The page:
Sonoma County students continue to score higher than their peers across the state in English language arts and math, though the gaps are narrowing, according to the latest round of academic scores released by the California Department of Education Friday.
Sixty-one percent of Sonoma County students scored proficient or advanced on the English language arts portion of the Standardized Testing and Reporting program exams taken last spring. In math, 52 percent of students reached the goal of scoring proficient or advanced — down a percentage point from last year.
Statewide, those percentages were 57 and 51 percent, respectively.
Although the results mean that barely half of all students are competent in math, educators still found reason to be encouraged.
"In less than a decade, California has gone from having only one student in three score proficient to better than one student in two," State Superintendent of Public Instruction Tom Torlakson said in a prepared statement.
Approximately 4.7 million second-through-11th graders across California took the STAR test last spring, including 53,000 in Sonoma County.
Over a 10-year span, Sonoma County students posted a 17-percentage point gain in English language arts and a 12-point increase in math.
"When you look at the 10-year profile we are moving forward, we are trending upward," said Steve Herrington, superintendent of Sonoma County Office of Education.
Despite modest improvement overall, a number of schools in Sonoma County posted sharp gains at particular grade levels and subjects.
Second graders at Sunridge Charter School in Sebastopol went from 28 percent proficient or advanced in 2011 to 96 percent in math. In English language arts, the second grade went from 16 percent to 72 percent proficient or advanced in a year.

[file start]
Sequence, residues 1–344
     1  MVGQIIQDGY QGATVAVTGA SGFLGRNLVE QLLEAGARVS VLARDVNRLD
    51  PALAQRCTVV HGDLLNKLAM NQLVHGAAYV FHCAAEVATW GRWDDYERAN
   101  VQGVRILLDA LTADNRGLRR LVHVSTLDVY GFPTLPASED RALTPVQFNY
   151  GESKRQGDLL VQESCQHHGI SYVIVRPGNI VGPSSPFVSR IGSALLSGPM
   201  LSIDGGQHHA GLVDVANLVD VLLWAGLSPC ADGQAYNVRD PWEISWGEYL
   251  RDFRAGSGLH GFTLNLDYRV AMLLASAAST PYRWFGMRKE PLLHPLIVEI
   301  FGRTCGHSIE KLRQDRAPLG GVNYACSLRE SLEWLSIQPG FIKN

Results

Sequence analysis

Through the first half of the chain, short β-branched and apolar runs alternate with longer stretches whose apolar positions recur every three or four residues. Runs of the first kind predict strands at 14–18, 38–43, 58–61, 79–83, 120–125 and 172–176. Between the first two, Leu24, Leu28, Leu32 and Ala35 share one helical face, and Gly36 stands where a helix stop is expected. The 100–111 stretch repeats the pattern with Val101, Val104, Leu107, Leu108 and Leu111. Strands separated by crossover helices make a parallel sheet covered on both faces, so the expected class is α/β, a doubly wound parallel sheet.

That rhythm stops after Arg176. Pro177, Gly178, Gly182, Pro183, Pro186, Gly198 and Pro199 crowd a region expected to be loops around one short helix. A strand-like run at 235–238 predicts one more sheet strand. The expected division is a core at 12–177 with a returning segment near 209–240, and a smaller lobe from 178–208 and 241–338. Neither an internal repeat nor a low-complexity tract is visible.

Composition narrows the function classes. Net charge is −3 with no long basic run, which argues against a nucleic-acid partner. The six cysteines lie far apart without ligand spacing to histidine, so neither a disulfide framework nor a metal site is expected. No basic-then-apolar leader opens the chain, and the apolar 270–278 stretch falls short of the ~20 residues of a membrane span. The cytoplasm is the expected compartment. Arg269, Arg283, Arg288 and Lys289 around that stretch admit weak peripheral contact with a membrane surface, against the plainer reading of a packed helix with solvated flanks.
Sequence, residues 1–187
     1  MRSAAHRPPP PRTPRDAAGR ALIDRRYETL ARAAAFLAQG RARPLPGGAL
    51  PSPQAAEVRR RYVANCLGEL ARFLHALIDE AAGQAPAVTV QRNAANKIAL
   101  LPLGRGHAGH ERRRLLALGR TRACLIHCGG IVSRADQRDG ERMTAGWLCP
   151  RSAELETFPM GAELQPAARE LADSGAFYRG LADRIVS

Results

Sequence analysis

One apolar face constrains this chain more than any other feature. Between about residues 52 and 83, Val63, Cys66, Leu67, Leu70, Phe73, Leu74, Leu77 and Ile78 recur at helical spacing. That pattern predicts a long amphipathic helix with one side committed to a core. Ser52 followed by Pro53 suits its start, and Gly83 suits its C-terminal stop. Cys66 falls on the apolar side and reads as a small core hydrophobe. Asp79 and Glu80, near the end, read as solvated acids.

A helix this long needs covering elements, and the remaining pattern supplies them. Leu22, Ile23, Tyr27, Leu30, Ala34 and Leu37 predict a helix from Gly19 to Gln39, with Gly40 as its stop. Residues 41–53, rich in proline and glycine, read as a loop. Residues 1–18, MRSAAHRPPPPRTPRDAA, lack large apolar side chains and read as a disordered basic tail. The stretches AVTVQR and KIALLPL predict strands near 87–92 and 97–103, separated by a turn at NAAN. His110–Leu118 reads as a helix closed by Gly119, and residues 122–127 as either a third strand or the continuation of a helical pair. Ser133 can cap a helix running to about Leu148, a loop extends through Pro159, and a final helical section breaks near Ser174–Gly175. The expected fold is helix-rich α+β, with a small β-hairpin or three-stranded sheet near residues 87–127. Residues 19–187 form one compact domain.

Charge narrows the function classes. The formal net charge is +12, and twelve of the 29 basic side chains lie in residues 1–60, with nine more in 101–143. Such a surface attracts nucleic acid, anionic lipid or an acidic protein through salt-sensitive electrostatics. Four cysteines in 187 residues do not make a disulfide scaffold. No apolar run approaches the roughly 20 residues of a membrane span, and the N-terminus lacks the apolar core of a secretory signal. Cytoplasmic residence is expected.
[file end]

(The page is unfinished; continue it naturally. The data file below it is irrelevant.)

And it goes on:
Doyle Park Elementary School second graders went from 29 percent proficient or advanced in math to 73 percent. In English, their scores rose from 48 percent to 79 percent in a year. Doyle Park was closed in May by Santa Rosa City Schools after years of declining enrollment and faltering test scores.
El Molino High School's sophomores went from 12 percent proficient or advanced in earth science to 57 percent in one year, while Healdsburg High's freshman pushed their earth science scores from 12 percent proficient or advanced in 2011 to 61 percent.
At Miwok Valley Elementary School in Petaluma, fifth graders went from 31 percent proficient or advanced to 65 percent in 2012. In English, the increase was 48 percent to 79 percent.
Educators said grade level spikes or dips can be dramatically affected by the academic makeup of a particular class because the comparison is between groups of second graders in different years, rather than the same group of kids over time.
"We tend to look at trends over time," said Gail Eagan, assistant superintendent of curriculum and instruction for K-6 at Santa Rosa City Schools. "There are just too many variables from year to year."
But dramatic changes can also lead to an examination if teachers did something different or if a particular class of kids came into the year at a higher level, said Miwok Principal Kim Harper.
"We pick the brains of the teachers and see if it's something we can all do," she said. "We spent a lot of time last year targeting students," she said.